The broadcast and cable networks have more than two dozen shows debuting this winter/spring, including the tale of the brave knight Galavant, a new take on an Odd Couple and a brain-craving iZombie. To help you prep for it all, TVLine is offering up some First Impressions.
Next up on our list….
THE SHOW | Fox’s Empire (Wednesdays at 9/8c, premiering Jan. 7)
THE COMPETITION | CBS’ Criminal Minds, ABC’s Modern Family/black-ish, NBC’s Law & Order: SVU and The CW’s The 100
THE CAST | Taraji P. Henson (Person of Interest), Terrence Howard (Hustle & Flow), Jussie Smollett (On Our Own), Bryshere Gray (aka rapper Yazz The Greatest), Trai Byers (90210), Gabourey Sidibe (American Horror Story), Malik Yoba (Alphas) and others
THE SET-UP | Music legend Lucious Lyon (played by Howard) is preparing to hand over his label to one of his three sons: prolific-but-problematic rapper Hakeem (Gray), reluctantly closeted R&B talent Jamal or business-savvy non-celeb Andre (Byers). Until, that is, his ex-wife Cookie (Henson) emerges from incarceration hardened by her time in the pen and rarin’ to claim dibs on the company she seeded 17 years ago. Uh-oh.
THE FIRST IMPRESSION | My God, Taraji P. Henson is having fun here. That recurring thought I had while watching the pilot, in which Cookie — a bit rough around the edges after getting out — reconnects, with varying degrees of success, with the men in her life and seeks a stake in the empire Lucious built while she was “away.” (Oh to have a nickel for every time she calls someone, female or male, the B-word.)
Shepherded by Lee Daniels and Danny Strong, Empire presents a world ripe for exploration, even if it might ultimately turn out to be in a sudsy way à la a hip-hop Dynasty. Lucious is battling demons from his hardscrabble past, Cookie is a powderkeg whose fuse has been lit, the brothers have distinctly, sometimes tragically different relationships with their parents (as well as with one another), Yoba plays a consigliere type caught in the middle of this maelstrom…. Add original, sometimes awesome tracks from Timbaland and you get a rich, authentic canvas on which one can imagine any number of professional or personal crises arising — especially given a shocking, end-of-pilot twist.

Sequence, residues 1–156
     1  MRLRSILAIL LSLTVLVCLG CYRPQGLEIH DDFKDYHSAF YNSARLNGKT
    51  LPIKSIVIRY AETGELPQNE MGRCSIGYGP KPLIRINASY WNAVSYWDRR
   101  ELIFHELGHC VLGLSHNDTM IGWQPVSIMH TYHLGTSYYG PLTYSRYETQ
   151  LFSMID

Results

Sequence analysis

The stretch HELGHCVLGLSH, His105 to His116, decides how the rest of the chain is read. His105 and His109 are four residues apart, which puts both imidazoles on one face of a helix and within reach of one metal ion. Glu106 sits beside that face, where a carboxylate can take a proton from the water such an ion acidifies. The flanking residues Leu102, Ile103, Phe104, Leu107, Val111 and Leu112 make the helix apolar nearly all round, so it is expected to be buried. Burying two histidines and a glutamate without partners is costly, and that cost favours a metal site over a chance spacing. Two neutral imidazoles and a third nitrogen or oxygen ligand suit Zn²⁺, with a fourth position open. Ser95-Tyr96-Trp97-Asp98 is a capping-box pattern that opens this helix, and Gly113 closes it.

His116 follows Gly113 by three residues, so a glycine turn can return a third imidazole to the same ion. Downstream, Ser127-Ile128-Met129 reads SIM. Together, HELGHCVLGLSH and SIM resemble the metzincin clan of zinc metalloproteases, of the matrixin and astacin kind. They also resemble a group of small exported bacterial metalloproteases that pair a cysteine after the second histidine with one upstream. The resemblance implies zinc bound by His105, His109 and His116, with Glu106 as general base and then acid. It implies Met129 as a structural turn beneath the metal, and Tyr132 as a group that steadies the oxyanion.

Henson, as noted, is on fire here. Howard, though comparatively reserved, brings to Lucious the right aura of Bad Boy Gone Good. Of the sons, Smollett (top photo, with Henson) obviously gets the heavier notes to play — Jamal’s father will be enlightened no time soon, it is clear — while Gray’s rap skills/background bring an electricity and tactile edge to Hakeem’s performance scenes.
THE TVLINE BOTTOM LINE | The good: Empire is fittingly paired with Idol. The bad: It’s not leading out of Idol-in-its-heyday. As such, expectations should be tempered, even given Daniels’ pedigree and the pair of Oscar-caliber leads. Still, I hope to live in a world where a fantastically diverse, handsomely crafted drama such as this can improve on Red Band Society‘s anemic numbers.